Frankie Rose is fully in charge of her music now.

Frankie Rose is fully in charge of her music now 

Frankie Rose is fully in charge of her music now.

click to enlarge frankierose.jpeg

For a while, it seemed that enigmatic, bright-eyed Frankie Rose would donate her considerable singing and drumming talents to bands that were — whatever their sometimes convincing charms — beneath her.

A founding member of garage-rock outfit Vivian Girls, Rose moved on to Crystal Stilts and then Dum Dum Girls before forming Frankie Rose and the Outs in 2010. In early 2012, Rose dropped the Outs and released Interstellar, a synth-pop album, to critical acclaim. The follow-up, September's expansive Herein Wild, signals an artist coming into her own.

Ahead of her Tuesday show at RecordBar, we dialed up Rose at her Brooklyn home.

The Pitch: You've made quite a transition in sound over the years, from the Vivian Girls to the Dum Dum Girls to the music you're making now.

Rose: It's kind of funny, because I never actually know what I'm doing at any given time. I knew that when I finished my first solo album, which was definitely more of a garage project — and it was totally my creation, my songwriting, my production — I realized that I didn't want to make this kind of garagey-sounding music anymore. I wanted to bring in electronic drums and synths, and that was all I did when I started Interstellar.

By the time Herein Wild came around, I didn't know what I wanted to do anymore. It was definitely a weird place for me. And I made that record without making any plans. Like, "Whatever happens and whatever the songs are like is just what's going to happen. I'm not gonna judge it too much." I think before I make another album, I'd really like to know exactly what I want to be doing.

In an interview you did a few months ago, you were talking about lyrics, and you said that for this record they became more real for you. How exactly did the lyrics become "real" or more important this time?

I think that I didn't used to care that much about lyrics. I don't think I thought I was really capable of writing them, and I just thought, "Well, I'm not going to try and make something sound beautiful. I'll just sound like an idiot, like I'm trying to be a poet or something."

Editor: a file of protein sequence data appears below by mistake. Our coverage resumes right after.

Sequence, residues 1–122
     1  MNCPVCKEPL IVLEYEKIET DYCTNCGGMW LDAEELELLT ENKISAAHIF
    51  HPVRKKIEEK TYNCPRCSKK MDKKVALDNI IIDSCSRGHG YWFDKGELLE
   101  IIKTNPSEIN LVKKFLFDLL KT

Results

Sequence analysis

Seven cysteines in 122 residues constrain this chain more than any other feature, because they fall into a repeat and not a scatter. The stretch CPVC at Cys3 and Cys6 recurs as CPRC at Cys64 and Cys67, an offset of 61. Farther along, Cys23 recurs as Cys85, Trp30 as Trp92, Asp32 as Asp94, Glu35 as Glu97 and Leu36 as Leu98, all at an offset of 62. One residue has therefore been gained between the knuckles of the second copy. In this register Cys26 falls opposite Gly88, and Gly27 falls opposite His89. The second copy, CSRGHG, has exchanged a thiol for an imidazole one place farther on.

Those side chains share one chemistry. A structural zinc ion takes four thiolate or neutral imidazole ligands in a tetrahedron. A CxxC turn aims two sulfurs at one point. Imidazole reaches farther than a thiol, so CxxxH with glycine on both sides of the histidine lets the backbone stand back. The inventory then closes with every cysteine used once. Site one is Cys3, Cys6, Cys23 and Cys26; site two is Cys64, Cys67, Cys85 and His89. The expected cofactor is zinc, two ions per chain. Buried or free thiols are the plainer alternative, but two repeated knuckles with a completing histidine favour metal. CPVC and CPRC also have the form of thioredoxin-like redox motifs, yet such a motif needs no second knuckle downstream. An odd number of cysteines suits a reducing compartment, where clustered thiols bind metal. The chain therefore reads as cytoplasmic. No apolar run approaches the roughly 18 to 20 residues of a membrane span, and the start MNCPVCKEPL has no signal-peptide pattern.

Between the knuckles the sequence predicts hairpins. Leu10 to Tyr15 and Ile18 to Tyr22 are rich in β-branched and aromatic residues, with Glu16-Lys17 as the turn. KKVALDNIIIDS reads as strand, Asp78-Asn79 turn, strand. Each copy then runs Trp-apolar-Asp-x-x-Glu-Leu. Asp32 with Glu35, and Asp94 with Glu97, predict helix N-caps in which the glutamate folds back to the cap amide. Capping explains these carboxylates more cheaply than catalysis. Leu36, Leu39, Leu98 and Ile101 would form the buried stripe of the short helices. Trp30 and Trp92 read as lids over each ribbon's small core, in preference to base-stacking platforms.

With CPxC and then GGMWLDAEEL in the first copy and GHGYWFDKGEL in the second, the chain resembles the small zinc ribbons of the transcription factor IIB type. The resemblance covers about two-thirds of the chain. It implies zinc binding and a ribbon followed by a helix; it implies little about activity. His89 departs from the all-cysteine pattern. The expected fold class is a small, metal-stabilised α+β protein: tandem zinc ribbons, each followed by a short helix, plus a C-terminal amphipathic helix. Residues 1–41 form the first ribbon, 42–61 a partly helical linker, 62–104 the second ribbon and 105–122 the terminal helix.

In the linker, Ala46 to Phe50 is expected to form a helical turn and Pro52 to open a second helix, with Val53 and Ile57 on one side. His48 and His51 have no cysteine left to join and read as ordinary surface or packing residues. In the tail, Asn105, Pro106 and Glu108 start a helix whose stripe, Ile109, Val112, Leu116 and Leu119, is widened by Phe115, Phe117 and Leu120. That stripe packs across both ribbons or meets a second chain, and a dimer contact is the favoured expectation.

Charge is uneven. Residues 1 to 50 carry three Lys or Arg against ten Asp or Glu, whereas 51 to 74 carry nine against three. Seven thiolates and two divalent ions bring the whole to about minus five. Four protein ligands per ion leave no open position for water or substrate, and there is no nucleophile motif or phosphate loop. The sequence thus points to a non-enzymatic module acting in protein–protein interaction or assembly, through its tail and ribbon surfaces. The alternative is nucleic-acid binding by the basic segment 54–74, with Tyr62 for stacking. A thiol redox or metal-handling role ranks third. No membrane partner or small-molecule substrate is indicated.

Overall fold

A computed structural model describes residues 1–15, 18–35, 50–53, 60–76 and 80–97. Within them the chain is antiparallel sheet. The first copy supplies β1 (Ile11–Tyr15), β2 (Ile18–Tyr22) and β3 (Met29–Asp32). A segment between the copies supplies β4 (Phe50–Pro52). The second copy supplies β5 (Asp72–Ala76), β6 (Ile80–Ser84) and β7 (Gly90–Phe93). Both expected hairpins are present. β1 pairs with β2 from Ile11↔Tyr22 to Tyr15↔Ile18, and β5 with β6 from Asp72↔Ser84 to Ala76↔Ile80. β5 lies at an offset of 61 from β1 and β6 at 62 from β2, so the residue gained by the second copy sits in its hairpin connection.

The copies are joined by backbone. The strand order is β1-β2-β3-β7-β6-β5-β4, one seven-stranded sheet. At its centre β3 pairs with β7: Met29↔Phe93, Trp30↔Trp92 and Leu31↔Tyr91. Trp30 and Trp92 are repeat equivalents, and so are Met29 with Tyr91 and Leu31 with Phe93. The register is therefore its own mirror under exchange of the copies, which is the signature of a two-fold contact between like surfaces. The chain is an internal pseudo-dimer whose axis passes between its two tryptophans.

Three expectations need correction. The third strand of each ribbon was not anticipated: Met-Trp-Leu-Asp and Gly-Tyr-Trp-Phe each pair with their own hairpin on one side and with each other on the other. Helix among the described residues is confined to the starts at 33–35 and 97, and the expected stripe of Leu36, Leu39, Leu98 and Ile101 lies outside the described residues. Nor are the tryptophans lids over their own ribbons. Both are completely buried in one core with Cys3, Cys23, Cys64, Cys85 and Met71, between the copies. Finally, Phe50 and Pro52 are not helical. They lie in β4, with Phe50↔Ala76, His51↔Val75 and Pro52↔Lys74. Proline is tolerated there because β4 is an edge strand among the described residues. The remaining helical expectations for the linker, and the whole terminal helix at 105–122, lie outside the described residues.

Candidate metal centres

I didn't plan when I was writing the lyrics for Herein Wild — it just ended up being so dramatic. They're pretty sad, dark songs. I don't think I was really aware of it at the time. It was what came to me. When you're alone with yourself and you're just being honest, a lot of times the truth will come out, whether you want it to or you expect it to or not. I was a little horrified when those songs came out, actually. [Laughs.]

I wasn't setting off to make this sad kind of pop record. I know that, looking back on it, it's going to be a really weird one for me. Not that it's good or bad, just strange.

There's a lot of drama in Herein Wild. What made you decide to bring in the strings and the horns?

I just always wanted to record and have a real string section and see what that would be like, to record real strings in a proper space. There was a lot of criticism about that, too, because Interstellar has a lot of strings and stuff, but it's not real strings — it's string pads — and I was told that it [the real thing] weighs down the recordings or whatever. But I don't think that that's true. It was just fun to record them and have someone actually playing those parts, like putting emotion into the moment. You can't get that out of a synthesizer, you know?

Why do you think you had to cycle through three bands before you struck out on your own?

Well, to be honest with you, I've been doing my own project now for longer than I've been in other people's bands, but people always think about my other bands before they think about that. They don't actually realize that I've made more records on my own than with the other bands that I've been in. [Laughs.] I'm consistently considered "Frankie Rose of 'X,' Frankie Rose 'X' this, Frankie Rose 'X' that, Frankie Rose 'X,' 'X,' 'X.' "

I don't think people think of Neko Case as one of the New Pornographers. To me, it's funny because I'm just Frankie Rose. I have another project that's coming out in June called Beverly, a two-piece with myself and the lead guitarist in my band, and I wonder if I'll be "'X' Frankie" then. That'll be interesting.

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